Medical costs and the number of hospitalizations resulting from obstructive sleep apnea (OSA) hit older Americans much harder than for other age groups, according to new research by the University of Maryland School of Medicine as published first in the Journal of Clinical Sleep Medicine.

Researchers said OSA is a relatively common medical condition that has been tied to a wide range of health risks such as cardiovascular disease, stroke, depression, diabetes, and even premature death. When the condition is paired with older patients, researchers said there were substantially more drastic effects. And, researchers noted that OSA is especially common for older Americans in skilled nursing centers, with some 70 percent of residents affected by the condition.

To arrive at their findings, researchers conducted a review of a national sample of Medicare claims data, measuring the health care costs over a year among Medicare beneficiaries who were 65 years and older and were ultimately diagnosed with OSA.

They found that patients who went undiagnosed with OSA over a 12-month period had more doctor’s appointments, emergency room visits, and hospital stays prior to being treated for the disorder. On average, these patients had nearly $20,000 more in costs a year than those who were diagnosed and treated for OSA, according to the report.

“Sleep disorders represent a massive economic burden on the U.S. health care system,” said Emerson Wickwire, PhD, associate professor of psychiatry and medicine at the school. He noted that the economic aspects of diseases are increasingly recognized as important drivers of health decisions by patients; those paying for services; policymakers; and, ultimately, the taxpayers.

“We conducted the largest economic analysis of sleep apnea among older adults to date,” Wickwire said.

“Medicare beneficiaries with obstructive sleep apnea cost taxpayers an additional $19,566 per year and utilized more outpatient, emergency, inpatient, prescription, and overall health care services. It’s important to realize that costs associated with untreated sleep disorders are likely to continue to accrue year after year, which is why our group focuses on early recognition and treatment.”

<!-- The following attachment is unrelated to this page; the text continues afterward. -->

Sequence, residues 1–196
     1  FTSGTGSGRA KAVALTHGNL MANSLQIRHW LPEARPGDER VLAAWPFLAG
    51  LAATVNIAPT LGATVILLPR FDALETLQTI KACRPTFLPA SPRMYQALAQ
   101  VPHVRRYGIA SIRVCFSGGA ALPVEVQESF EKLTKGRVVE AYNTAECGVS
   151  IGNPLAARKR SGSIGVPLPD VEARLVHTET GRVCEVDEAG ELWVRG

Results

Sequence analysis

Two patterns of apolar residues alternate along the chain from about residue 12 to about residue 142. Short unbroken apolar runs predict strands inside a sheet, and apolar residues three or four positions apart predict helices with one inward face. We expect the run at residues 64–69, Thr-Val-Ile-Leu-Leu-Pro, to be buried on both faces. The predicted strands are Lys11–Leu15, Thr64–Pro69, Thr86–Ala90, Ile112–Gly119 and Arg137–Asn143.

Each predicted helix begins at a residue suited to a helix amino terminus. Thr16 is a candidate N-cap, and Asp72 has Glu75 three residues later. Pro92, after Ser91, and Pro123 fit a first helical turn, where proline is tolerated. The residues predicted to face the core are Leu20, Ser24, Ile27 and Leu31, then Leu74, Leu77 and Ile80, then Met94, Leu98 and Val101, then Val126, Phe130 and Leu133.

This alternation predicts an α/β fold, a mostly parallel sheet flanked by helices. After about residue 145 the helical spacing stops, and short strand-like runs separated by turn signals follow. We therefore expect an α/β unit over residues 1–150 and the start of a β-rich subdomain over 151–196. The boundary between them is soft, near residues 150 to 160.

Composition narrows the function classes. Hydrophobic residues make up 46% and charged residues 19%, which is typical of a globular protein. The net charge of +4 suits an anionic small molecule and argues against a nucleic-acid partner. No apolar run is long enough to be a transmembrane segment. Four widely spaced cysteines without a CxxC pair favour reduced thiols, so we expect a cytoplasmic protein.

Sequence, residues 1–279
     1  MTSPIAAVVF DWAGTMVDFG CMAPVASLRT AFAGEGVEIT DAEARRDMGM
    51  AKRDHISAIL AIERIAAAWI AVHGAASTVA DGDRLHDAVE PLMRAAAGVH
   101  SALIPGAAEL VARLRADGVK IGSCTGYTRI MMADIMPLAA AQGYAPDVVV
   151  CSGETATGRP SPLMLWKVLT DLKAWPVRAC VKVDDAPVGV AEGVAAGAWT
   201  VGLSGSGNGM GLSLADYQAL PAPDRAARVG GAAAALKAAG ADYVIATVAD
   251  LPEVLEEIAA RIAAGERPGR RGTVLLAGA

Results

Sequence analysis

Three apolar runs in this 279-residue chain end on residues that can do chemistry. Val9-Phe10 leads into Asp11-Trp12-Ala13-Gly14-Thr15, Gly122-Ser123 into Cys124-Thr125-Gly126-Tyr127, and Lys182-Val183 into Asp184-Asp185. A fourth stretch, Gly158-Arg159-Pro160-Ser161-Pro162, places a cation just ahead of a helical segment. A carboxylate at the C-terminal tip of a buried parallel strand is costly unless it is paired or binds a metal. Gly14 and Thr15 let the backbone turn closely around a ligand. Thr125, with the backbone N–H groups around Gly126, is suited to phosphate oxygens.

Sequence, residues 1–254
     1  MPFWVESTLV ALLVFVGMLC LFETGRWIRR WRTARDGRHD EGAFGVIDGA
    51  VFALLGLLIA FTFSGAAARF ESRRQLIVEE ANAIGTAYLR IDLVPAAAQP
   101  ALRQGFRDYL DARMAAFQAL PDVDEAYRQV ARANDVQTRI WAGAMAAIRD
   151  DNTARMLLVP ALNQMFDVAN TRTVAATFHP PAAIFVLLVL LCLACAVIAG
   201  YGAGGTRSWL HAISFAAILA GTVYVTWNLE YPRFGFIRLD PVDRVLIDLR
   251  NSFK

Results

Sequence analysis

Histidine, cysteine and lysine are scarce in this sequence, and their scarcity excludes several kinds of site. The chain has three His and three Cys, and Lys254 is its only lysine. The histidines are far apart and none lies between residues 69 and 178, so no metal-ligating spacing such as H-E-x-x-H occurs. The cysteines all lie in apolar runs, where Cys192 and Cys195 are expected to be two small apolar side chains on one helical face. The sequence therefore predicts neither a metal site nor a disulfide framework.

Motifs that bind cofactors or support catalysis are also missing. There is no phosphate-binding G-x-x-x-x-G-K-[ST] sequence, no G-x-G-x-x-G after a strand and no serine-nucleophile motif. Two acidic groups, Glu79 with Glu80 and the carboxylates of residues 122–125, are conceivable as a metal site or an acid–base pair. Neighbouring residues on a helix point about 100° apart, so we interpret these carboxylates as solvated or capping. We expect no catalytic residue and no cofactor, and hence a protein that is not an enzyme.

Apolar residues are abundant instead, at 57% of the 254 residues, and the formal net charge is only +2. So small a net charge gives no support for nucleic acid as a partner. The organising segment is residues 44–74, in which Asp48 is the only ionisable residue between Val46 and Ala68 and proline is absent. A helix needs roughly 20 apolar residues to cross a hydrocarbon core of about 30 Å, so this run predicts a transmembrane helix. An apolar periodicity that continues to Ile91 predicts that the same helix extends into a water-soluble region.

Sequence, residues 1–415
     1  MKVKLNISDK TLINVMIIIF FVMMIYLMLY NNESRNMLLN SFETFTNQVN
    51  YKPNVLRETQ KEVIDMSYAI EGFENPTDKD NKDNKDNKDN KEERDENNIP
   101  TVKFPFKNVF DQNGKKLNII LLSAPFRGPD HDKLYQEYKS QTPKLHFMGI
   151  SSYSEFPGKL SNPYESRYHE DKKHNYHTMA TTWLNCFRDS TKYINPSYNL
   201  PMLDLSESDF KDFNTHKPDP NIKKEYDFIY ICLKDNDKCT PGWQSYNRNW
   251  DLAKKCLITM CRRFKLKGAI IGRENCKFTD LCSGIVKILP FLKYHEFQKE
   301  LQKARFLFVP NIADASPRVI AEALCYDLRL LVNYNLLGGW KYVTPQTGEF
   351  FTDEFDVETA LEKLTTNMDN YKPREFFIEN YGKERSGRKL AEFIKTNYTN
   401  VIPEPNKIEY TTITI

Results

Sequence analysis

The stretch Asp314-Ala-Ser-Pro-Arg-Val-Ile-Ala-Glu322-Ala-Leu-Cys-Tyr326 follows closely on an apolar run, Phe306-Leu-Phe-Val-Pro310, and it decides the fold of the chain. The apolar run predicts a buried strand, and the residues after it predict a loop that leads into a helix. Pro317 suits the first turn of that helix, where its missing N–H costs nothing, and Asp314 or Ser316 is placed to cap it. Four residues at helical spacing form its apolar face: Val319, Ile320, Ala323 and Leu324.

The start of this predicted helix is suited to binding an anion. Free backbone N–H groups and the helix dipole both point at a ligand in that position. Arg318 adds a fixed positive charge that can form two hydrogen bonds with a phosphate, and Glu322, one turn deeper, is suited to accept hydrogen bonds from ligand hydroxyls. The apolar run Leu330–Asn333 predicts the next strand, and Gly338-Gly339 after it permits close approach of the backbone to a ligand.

Researchers also observed that Medicare patients with OSA were more likely to suffer from other ailments than individuals without the sleep disorder. For example, OSA is linked to an increased risk for high blood pressure, diabetes, heart disease, stroke, and depression.

Study authors suggest that insurers, legislators, and health systems consider routine screening for OSA in older patients—especially those with medical and psychiatric comorbidities—to better contain costs. “The good news is that highly effective diagnostic and treatment strategies are available. Our team is currently using big data approaches as well as highly personalized sleep disorder treatments to improve outcomes and reduce costs associated with sleep disorders,” Wickwire said.

This new research follows a 2016 report by the American Academy of Sleep Medicine that estimated undiagnosed OSA among U.S. adults costs $149.6 billion annually. While the report projected it would cost the health care system nearly $50 billion to diagnose and treat every American adult with OSA, treatment would produce savings of $100 billion.